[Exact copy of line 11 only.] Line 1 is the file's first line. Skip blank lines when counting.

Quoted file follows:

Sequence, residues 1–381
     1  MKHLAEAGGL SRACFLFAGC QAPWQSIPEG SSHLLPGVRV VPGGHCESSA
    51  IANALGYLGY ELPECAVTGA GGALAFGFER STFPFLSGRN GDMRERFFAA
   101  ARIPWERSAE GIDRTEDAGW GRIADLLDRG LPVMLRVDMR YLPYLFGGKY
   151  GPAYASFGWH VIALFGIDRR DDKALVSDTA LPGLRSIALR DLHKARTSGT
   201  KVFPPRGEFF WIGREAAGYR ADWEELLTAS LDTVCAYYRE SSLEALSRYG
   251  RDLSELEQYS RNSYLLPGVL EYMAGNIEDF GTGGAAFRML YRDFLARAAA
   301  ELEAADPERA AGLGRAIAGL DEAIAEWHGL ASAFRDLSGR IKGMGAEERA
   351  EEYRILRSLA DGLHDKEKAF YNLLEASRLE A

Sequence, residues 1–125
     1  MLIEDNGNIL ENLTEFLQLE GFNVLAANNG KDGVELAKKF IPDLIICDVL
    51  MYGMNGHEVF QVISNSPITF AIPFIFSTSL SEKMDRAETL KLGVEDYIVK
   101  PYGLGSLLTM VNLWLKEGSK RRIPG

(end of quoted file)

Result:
     1  MLIEDNGNIL ENLTEFLQLE GFNVLAANNG KDGVELAKKF IPDLIICDVL